About the book
Little is known of the wife of England's greatest playwright. In play after play Shakespeare presents the finding of a worthy wife as a triumphant denouement, yet scholars persist in believing that his own wife was resented and even hated by him.
Here Germaine Greer strives to re-embed the story of their marriage in its social context and presents new hypotheses about the life of the farmer's daughter who married our greatest poet. This is a daring, insightful book that asks new questions, opens new fields of investigation and research, and rights the wrongs done to Ann Shakespeare.
About the author
Germaine Greer gained her PhD from the University of Cambridge in 1967 with a thesis on Shakespeare's early comedies and has taught Shakespeare at universities in Australia, Britain and the US.
In 1986 she was invited to contribute the volume on Shakespeare to the prestigious Past Masters series.
In 1989 she set up her own publishing imprint, Stump Cross Books, and went on to publish scholarly editions of Katherine Philips, Anne Wharton and Anne Finch, Countess of Winchilsea.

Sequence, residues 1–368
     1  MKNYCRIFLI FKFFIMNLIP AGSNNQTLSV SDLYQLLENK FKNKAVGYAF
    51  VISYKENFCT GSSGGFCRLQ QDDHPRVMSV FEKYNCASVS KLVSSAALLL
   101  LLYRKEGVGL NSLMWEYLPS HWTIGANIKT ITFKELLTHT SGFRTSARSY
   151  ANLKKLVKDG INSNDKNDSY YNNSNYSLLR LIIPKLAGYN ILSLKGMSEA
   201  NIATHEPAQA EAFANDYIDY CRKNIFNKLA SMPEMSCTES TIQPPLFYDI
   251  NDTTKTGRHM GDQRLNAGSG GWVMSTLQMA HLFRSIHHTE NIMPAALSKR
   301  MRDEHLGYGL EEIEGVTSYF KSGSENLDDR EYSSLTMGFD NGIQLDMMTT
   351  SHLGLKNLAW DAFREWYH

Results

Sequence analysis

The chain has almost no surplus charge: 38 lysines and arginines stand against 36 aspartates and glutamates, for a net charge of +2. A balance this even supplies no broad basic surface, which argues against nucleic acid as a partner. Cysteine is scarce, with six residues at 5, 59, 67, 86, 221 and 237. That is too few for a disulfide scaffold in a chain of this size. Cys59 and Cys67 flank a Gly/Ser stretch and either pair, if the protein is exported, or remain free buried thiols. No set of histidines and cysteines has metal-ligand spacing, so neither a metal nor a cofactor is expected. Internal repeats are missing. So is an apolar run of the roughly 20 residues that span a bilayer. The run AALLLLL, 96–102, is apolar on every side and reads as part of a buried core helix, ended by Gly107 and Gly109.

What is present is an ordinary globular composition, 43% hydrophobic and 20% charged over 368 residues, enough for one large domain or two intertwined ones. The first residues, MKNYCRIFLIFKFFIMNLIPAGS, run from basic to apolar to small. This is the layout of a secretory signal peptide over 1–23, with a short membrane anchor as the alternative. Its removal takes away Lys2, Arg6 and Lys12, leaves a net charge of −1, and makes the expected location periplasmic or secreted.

She lives on three acres in north-west Essex, with two dogs, thirteen geese and a fluctuating number of doves.
This book sets out to rehabilitate Ann Hathaway’s history, long dismissed as a minor detail in Shakespeare’s life.
As an examination of life in Stratford in the 16th century it is superb, the detail extraordinary and the style engrossing. It is a work of considerable scholarship -- the amount of detail the author has recovered from tomb stones and forgotten records is impressive – as well as displaying great mastery of prose. Shakespeare’s plays are brilliantly used to shed light on his domestic relationships. The argument is lively and engaging.